# Closed-form expression for excitation energies, given the exact XC functional

In an answer to my question regarding the theoretical rigour in computing excitation energies using only the Kohn-Sham orbital energies, the rigour turned out to be nonexistent.

After looking this matter up, I began to wonder if the exact excitation energies (whose definition is explicitly written in my question, whose answer is linked above, and shall not be re-stated here) could be written in closed form using the relevent K-S orbital energies AND the exact XC functional, for example as the sum of a constant times the K-S "band gap" plus another constant times the derivative of the exact XC applied to the exact density(rough guess and potentially true, potentially false example to express the spirit I'm having here)

Does such a closed-form expression, ignoring facts like how "the exact XC functional is currently unknown", exist at least in theory?

## 2 Answers

Do you consider the exact frequency-dependent XC kernel as part of "the exact XC functional"? And do you allow the use of additional ingredients like two-electron integrals?

If both of your answers are "yes", then you can construct the Casida equation with these ingredients, and you can solve it to get the excitation energies. However, in this case the equation to be solved is a non-linear eigenvalue problem, which in general must be solved iteratively. So in general there is no closed-form expression of excitation energies (indeed, even if the eigenvalue problem is linear, the eigenvalues are still in general not expressible in closed form as a function of the matrix elements). Of course, there is the theoretical possibility that the exact frequency-dependent XC kernel has some peculiar property that allows the eigenvalue problem to be solved in closed form, but if such property exists, it would likely have such a very deep physical reason, that someone has already discovered it. In practice, however, the reverse seems to be true.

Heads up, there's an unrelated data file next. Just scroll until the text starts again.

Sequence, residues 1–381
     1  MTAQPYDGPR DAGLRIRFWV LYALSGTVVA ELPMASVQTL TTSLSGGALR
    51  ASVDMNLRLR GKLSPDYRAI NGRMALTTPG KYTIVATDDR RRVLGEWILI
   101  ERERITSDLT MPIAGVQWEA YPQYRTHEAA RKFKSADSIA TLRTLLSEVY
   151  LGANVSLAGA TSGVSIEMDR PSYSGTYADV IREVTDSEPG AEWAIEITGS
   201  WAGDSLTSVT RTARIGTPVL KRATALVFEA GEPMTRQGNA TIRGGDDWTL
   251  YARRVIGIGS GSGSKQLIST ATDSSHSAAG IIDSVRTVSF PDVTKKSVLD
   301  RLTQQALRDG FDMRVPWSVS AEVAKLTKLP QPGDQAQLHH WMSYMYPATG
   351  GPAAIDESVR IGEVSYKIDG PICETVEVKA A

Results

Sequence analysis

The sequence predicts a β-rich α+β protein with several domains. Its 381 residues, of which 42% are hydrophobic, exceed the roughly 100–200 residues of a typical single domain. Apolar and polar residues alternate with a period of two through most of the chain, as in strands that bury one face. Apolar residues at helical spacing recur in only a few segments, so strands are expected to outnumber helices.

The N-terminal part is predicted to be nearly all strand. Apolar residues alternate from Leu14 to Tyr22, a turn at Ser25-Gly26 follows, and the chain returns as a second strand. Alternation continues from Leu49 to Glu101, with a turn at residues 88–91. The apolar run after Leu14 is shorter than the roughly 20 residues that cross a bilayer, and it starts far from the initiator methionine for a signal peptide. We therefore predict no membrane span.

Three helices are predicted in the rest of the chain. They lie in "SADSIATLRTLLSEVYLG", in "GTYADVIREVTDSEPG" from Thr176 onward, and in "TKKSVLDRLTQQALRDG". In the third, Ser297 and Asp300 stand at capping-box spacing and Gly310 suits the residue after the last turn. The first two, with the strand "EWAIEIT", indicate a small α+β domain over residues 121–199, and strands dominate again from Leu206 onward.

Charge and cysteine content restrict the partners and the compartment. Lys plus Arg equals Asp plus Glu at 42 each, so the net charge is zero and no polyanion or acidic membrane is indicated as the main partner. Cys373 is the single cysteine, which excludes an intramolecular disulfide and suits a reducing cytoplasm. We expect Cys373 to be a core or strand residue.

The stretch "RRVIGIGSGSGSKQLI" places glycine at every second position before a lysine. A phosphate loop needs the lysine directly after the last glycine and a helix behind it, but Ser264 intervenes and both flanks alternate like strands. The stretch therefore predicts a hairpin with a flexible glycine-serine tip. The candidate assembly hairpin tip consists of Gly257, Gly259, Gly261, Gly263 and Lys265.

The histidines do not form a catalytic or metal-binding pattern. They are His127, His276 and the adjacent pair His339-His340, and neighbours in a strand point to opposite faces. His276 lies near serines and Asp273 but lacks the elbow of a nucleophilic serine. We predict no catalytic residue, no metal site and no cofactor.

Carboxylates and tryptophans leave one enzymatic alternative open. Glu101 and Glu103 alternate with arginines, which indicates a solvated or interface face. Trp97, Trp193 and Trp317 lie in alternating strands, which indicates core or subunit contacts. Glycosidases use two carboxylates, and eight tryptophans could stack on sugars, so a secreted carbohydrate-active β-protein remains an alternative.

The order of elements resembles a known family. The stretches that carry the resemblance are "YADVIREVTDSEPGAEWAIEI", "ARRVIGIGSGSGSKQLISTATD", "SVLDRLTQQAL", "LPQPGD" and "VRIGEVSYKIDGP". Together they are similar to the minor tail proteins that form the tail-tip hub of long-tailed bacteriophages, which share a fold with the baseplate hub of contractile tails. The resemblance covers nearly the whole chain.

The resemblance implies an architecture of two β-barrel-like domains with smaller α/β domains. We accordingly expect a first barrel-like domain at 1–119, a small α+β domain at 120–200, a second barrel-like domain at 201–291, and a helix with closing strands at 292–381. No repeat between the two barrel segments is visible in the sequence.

So, while mathematically we probably cannot rule out the possibility of a (possibly extremely convoluted) closed-form expression of excitation energies, like we probably can never rule out that $$\pi+e$$ is a rational number, I hope that the above analysis will convince you that such a closed-form expression is extremely unlikely to exist.

No, they cannot be obtained from a DFT calculation. As the first paper I linked in the previous response says, DFT is a ground state theory, and it should not be expected to get excited state properties correct. For excited state properties you can use TDDFT, GW/BSE, and also wave function based methods that are common in quantum chemistry. You can even use these methods to rigorously get core level excitations (which is something that you alluded to in your previous question).

These methods all can yield values that are meant to be compared with excited state properties, and TDDFT is formally exact in a similar sense that DFT is for ground state properties.

You mentioned not having access to the journals. Here’s a pdf from one of the co-author’s website http://vintage.fh.huji.ac.il/~roib/Postscripts/JCTC_Perspectives%20-%20final.pdf

• This is true, but some excitation energies may be expressed simply as the ground state of a different system, or a function of several ground states, e.g. the ground state energy of the system with an electron added or removed. This is mentioned in the linked answer here mattermodeling.stackexchange.com/a/9686/403 Commented Sep 23, 2022 at 0:19
• Yes, I wrote that answer. From this question it seemed to me like they were referring to methods besides adding or removing electrons and computing differences in total energies
– AGS
Commented Sep 23, 2022 at 1:55